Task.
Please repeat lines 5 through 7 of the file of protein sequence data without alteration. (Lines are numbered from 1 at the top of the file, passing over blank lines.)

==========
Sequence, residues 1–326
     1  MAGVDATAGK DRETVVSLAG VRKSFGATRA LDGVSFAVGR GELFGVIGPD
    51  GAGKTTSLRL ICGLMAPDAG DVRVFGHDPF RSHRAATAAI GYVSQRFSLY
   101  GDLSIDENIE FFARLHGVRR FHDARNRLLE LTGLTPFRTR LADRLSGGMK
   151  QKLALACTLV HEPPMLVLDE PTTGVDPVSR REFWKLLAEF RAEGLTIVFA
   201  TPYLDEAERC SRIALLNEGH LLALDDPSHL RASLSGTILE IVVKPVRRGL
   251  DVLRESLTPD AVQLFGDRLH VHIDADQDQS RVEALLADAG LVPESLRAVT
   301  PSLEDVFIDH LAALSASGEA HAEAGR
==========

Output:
   151  QKLALACTLV HEPPMLVLDE PTTGVDPVSR REFWKLLAEF RAEGLTIVFA
   201  TPYLDEAERC SRIALLNEGH LLALDDPSHL RASLSGTILE IVVKPVRRGL
   251  DVLRESLTPD AVQLFGDRLH VHIDADQDQS RVEALLADAG LVPESLRAVT